New Hogan Reservoir serves San Joaquin County and the city of Stockton. But this year's low water levels, could affect both drinking water and irrigation supplies.
The water level in New Hogan Reservoir in Calaveras County has dropped to about one-third of capacity.
New Hogan serves Stockton East Water District which in turn supplies drinking water for the City of Stockton and irrigation water for farmers in east and north San Joaquin County.
Stockton East General Manager Scot Moody says, unlike other reservoirs, New Hogan doesn't use sierra runoff but is entirely dependent upon rainfall.
"I know we are considerably off from where we would want to be this year, with a dry November, dry December and nothing forecast in early January, we are definitely concerned," says Moody.
Moody expects to know how much water will be available by April.
"First 20,000 acre feet is guaranteed to urban contractors and so from there we have to take a look and see what's going to be left," says Moody.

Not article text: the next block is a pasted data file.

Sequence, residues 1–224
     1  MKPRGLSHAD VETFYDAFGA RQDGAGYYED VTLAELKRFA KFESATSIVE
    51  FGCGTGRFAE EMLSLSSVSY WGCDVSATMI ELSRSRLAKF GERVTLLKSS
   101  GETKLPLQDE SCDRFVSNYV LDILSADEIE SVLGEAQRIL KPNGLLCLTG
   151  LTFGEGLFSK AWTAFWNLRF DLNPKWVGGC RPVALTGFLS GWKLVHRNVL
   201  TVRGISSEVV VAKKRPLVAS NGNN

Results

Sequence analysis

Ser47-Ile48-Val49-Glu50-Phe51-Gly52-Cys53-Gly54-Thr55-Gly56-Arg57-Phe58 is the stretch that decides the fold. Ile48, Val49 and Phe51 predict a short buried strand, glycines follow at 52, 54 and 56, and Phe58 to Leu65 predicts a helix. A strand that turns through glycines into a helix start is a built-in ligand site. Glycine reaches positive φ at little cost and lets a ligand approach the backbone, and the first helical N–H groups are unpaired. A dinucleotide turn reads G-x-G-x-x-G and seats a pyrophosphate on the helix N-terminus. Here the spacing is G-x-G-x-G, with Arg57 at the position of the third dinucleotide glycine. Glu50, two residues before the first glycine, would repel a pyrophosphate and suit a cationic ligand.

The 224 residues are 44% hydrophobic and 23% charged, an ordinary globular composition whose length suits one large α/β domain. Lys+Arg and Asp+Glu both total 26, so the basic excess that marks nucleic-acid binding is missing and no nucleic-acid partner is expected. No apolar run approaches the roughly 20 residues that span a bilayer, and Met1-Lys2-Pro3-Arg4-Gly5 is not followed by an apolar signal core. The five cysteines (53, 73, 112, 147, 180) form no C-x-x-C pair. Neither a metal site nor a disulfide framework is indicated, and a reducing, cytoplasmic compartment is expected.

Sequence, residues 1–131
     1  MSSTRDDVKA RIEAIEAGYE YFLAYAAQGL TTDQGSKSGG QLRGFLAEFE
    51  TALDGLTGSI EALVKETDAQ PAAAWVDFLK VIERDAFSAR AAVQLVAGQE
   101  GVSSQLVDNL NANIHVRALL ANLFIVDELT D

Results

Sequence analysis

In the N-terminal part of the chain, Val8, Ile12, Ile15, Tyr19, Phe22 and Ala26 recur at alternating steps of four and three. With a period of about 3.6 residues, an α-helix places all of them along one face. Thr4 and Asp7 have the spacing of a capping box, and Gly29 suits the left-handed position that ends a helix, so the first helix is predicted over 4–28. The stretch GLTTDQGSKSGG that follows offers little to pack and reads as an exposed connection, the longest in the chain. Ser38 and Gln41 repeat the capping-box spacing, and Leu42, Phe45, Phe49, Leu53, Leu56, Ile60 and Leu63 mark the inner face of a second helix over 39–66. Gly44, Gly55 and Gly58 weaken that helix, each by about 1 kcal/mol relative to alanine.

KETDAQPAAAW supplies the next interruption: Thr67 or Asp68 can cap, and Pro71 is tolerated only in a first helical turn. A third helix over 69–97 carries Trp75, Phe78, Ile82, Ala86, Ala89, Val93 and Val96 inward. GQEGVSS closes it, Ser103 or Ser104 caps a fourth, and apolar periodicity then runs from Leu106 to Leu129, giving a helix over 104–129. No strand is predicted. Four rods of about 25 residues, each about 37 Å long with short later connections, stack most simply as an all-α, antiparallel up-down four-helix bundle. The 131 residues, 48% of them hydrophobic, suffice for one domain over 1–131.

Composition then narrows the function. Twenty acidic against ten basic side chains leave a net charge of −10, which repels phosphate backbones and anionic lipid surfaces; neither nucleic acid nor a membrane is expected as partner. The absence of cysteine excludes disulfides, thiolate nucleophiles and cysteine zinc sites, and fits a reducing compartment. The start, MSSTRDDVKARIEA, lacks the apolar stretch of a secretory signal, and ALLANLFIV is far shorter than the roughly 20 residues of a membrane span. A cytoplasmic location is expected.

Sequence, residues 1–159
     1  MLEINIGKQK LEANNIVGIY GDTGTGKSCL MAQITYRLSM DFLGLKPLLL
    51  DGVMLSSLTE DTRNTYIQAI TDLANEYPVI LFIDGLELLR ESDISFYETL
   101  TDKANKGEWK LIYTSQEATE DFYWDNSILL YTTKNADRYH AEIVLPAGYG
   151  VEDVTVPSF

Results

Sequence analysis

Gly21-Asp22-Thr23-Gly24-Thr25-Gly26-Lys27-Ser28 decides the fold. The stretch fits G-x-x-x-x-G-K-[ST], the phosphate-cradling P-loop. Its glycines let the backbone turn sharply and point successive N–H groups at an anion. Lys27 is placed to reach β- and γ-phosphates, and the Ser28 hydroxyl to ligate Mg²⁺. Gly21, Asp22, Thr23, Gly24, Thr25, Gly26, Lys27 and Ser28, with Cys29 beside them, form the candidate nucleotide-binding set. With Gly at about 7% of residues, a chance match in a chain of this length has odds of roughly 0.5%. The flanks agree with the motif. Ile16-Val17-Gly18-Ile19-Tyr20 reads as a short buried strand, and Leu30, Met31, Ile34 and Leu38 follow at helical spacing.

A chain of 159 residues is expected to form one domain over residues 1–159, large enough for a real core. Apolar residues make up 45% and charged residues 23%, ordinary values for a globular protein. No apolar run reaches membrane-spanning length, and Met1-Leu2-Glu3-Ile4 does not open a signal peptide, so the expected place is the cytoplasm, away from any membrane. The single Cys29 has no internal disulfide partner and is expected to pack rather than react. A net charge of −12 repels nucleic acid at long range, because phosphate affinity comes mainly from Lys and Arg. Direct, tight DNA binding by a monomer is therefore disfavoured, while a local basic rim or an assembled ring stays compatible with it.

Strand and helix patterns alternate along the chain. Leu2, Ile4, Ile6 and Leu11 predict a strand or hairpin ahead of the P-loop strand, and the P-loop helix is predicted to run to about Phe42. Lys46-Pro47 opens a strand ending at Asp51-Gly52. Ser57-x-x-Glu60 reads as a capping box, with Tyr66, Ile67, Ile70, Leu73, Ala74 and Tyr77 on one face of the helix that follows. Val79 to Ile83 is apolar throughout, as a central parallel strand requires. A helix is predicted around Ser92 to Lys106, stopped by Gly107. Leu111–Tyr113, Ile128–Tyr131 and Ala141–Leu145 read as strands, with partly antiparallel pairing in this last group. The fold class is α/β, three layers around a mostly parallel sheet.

If there is no rain, farmers may have their irrigation water supplies cut and be forced to rely upon ground water.
UPDATE June 26: Fire managers says the Erskine Fire near Lake Isabella in Kern County has grown to 43,460 acres and is 40 percent contained. Two people have died, and more than 250 structures have been destroyed and an additional 75 damaged.
Four consecutive years of drought, millions of dead trees and summer heat, are all factors as thousands of firefighters work to control wildfires in California.
Not much change is expected in drought conditions in California during the summer "dry season" but wildfire danger is increasing, with 66 million dead trees in the Sierra Nevada adding potential fuel.
The U.S. Forest Service says 66 million trees are dead in the Sierra Nevada after four consecutive years of drought in California and a bark beetle infestation.
California is in the fifth consecutive year of drought and water providers continue to urge voluntary conservation, as mandatory statewide rules have ended. Sacramento-area residents reduced their water use by 31 percent in May.